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Back in time: Here's what definitely WON'T be in the Budget this year

Come with us on a journey through time and space, to Budget 2007.

THE UPCOMING BUDGET, set to be announced on Tuesday, is one of the least anticipated in years.

Not because it’s likely to be particularly savage, mind – merely because we’re not expecting many surprises.

The changes to taxes and spending have been well-flagged this time around – a move brought about by the shake-up to the Dáil arithmetic caused by February’s general election, and the subsequent ‘confidence and supply’ arrangement reached between the minority government and Fianna Fáil.

An adjustment of around €1 billion is expected, and a reduction in the USC is on the cards, along with a tax break for first time buyers.

Ten years ago, if you can cast your mind back, the Budget was a very different beast…

As is TheJournal.ie tradition, let’s take our annual journey through time and space to:

BUDGET 2007 

time

The country’s success had been driven by the hard work of the Irish people, Finance Minister Brian Cowen said, as he began his speech – now it was time, he said, to reward that effort.

This was Cowen’s third budget, and the last before the following year’s general election.

And while the announcement was decried from the opposition benches as an attempt to buy votes, the Fianna Fáil finance minister said it represented the biggest support package for those on low incomes in the history of the State.

Here are the main points, courtesy of RTÉ’s report from Six One that night:

RTÉ

Additionally, Cowen promised a further reduction in the top rate of tax if the Fianna Fáil-led coalition was returned to office by the electorate.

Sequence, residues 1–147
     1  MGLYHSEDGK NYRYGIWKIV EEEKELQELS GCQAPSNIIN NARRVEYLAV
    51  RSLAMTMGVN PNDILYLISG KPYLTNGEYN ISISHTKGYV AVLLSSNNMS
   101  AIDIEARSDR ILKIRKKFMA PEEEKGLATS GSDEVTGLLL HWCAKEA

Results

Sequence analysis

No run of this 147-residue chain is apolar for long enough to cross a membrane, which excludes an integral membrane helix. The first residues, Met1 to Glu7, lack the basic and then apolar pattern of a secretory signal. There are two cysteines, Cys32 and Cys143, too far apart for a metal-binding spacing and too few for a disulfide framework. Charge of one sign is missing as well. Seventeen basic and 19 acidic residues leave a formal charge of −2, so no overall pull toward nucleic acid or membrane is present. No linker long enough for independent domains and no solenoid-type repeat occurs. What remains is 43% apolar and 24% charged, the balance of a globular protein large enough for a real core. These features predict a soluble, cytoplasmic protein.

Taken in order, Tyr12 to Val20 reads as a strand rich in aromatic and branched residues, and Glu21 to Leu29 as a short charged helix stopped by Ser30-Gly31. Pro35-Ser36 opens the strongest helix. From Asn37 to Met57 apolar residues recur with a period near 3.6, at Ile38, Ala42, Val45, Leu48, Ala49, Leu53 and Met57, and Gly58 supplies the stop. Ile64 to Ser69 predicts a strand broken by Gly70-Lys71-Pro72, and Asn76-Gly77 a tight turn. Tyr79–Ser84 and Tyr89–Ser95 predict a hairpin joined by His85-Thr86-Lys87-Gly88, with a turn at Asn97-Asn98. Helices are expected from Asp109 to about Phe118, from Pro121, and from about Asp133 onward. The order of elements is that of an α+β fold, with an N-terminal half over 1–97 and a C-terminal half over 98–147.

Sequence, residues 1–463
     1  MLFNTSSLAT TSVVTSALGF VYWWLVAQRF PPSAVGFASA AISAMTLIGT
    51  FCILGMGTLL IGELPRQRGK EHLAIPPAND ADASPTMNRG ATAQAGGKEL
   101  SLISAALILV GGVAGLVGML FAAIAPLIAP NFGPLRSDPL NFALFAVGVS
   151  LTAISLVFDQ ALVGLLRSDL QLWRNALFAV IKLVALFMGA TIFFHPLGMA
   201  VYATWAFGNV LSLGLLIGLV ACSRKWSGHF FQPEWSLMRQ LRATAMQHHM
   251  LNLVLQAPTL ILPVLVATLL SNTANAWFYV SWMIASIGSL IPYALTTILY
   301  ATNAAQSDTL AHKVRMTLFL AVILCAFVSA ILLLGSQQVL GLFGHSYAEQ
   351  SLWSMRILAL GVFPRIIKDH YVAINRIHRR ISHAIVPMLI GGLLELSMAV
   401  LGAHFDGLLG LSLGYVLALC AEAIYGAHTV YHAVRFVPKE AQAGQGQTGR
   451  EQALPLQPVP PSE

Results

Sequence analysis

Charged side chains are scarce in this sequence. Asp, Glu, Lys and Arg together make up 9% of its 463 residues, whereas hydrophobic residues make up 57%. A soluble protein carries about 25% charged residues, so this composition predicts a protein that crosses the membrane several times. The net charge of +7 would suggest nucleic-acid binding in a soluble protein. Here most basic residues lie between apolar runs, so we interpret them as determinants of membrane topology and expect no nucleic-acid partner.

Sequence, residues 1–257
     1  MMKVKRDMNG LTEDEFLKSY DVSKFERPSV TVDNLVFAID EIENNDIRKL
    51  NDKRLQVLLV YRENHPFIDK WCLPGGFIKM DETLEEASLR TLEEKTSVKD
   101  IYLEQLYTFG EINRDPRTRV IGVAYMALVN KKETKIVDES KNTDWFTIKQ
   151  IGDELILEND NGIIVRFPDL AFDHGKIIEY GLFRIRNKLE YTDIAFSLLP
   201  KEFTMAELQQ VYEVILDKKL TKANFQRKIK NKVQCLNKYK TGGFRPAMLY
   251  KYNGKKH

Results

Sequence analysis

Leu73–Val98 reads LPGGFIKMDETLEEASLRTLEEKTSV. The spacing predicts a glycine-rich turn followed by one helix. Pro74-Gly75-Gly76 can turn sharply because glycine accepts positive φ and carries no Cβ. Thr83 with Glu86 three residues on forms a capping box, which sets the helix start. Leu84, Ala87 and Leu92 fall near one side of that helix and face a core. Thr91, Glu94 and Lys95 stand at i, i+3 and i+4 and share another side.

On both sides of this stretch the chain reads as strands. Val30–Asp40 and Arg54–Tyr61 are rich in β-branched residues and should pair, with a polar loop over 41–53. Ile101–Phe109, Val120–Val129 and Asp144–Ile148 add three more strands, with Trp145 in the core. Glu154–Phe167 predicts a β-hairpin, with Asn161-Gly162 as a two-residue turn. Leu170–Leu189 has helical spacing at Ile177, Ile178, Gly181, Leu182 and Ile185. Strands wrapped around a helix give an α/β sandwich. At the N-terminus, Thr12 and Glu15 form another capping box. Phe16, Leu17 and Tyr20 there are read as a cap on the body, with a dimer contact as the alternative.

Promises 

Just days ahead of the Budget, the Government had announced it would be even more generous than initially planned, following a surge in taxes collected during November.

Overall, there was a €4.9 billion improvement in the State’s finances, compared to the target.

Cowen said he wanted to reward work in his announcement, while Taoiseach Bertie Ahern said the result was the culmination of good economic management.

brian2 Source: RTÉ/Screengrab

“You can’t get a leopard to change its spots,” Labour’s Joan Burton insisted on Budget Day.

When Fianna Fáil see an election around the corner their first instinct is to buy it.

joan1 Source: RTÉ/Screengrab

The election, the following May, saw Bertie Ahern’s party once again returned as the largest in the new Dáil. The Progressive Democrats were all but wiped out, and Fianna Fáil entered a coalition government with the Greens.

Budget 2008, reports noted, was delivered against a “challenging economic backdrop”. As the effects of the crash took hold, and following Cowen’s ascension to the top job in Irish politics, Brian Lenihan delivered “the most severe Budget in decades” (the emergency, supplementary Budget) in April 2009.

The hated USC – still with us, of course – was announced the following year, coming into effect in January of 2011.

usc Source: Budget 2011

And …

Well, we never promised the Complete History of the Last Ten Years.

We all know what happened next.

Join us (won’t you?) throughout the week for up-to-date coverage of this year’s Budget.

And if you happen to be feeling a little distressed after reliving all of the above … here’s a gif of an amusing rabbit:

rabbit

Here’s another heartwarming story: Hugging photo saves dogs from being put down >

And here’s more about Budget 2017 (if you must): Budget 2017 >

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About the author:

Daragh Brophy

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